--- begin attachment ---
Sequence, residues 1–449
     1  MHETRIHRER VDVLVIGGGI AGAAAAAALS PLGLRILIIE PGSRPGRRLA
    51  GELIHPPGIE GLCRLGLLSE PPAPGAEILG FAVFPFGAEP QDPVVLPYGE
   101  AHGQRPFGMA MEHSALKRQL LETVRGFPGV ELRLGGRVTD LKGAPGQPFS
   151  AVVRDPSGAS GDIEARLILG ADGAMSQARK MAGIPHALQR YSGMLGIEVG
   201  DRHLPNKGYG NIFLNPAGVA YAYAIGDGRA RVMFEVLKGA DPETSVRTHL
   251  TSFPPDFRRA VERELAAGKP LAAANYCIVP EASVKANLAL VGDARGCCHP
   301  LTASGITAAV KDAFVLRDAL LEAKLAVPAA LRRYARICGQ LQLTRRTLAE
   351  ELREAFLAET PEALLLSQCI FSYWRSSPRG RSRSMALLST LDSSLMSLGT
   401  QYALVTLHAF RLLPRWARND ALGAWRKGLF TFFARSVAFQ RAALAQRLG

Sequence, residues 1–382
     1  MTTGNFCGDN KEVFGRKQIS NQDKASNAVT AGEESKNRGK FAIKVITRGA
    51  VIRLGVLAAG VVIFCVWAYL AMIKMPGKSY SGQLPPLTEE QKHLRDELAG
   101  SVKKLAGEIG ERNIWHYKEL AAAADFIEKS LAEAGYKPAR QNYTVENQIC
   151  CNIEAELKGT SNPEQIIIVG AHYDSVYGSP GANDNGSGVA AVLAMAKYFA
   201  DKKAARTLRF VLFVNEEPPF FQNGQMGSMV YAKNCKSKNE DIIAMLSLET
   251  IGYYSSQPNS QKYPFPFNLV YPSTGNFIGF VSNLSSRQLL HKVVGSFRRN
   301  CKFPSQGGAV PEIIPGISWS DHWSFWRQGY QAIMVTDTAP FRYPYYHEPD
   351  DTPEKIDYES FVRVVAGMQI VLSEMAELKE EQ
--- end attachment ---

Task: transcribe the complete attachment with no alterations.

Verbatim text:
Sequence, residues 1–449
     1  MHETRIHRER VDVLVIGGGI AGAAAAAALS PLGLRILIIE PGSRPGRRLA
    51  GELIHPPGIE GLCRLGLLSE PPAPGAEILG FAVFPFGAEP QDPVVLPYGE
   101  AHGQRPFGMA MEHSALKRQL LETVRGFPGV ELRLGGRVTD LKGAPGQPFS
   151  AVVRDPSGAS GDIEARLILG ADGAMSQARK MAGIPHALQR YSGMLGIEVG
   201  DRHLPNKGYG NIFLNPAGVA YAYAIGDGRA RVMFEVLKGA DPETSVRTHL
   251  TSFPPDFRRA VERELAAGKP LAAANYCIVP EASVKANLAL VGDARGCCHP
   301  LTASGITAAV KDAFVLRDAL LEAKLAVPAA LRRYARICGQ LQLTRRTLAE
   351  ELREAFLAET PEALLLSQCI FSYWRSSPRG RSRSMALLST LDSSLMSLGT
   401  QYALVTLHAF RLLPRWARND ALGAWRKGLF TFFARSVAFQ RAALAQRLG

Sequence, residues 1–382
     1  MTTGNFCGDN KEVFGRKQIS NQDKASNAVT AGEESKNRGK FAIKVITRGA
    51  VIRLGVLAAG VVIFCVWAYL AMIKMPGKSY SGQLPPLTEE QKHLRDELAG
   101  SVKKLAGEIG ERNIWHYKEL AAAADFIEKS LAEAGYKPAR QNYTVENQIC
   151  CNIEAELKGT SNPEQIIIVG AHYDSVYGSP GANDNGSGVA AVLAMAKYFA
   201  DKKAARTLRF VLFVNEEPPF FQNGQMGSMV YAKNCKSKNE DIIAMLSLET
   251  IGYYSSQPNS QKYPFPFNLV YPSTGNFIGF VSNLSSRQLL HKVVGSFRRN
   301  CKFPSQGGAV PEIIPGISWS DHWSFWRQGY QAIMVTDTAP FRYPYYHEPD
   351  DTPEKIDYES FVRVVAGMQI VLSEMAELKE EQ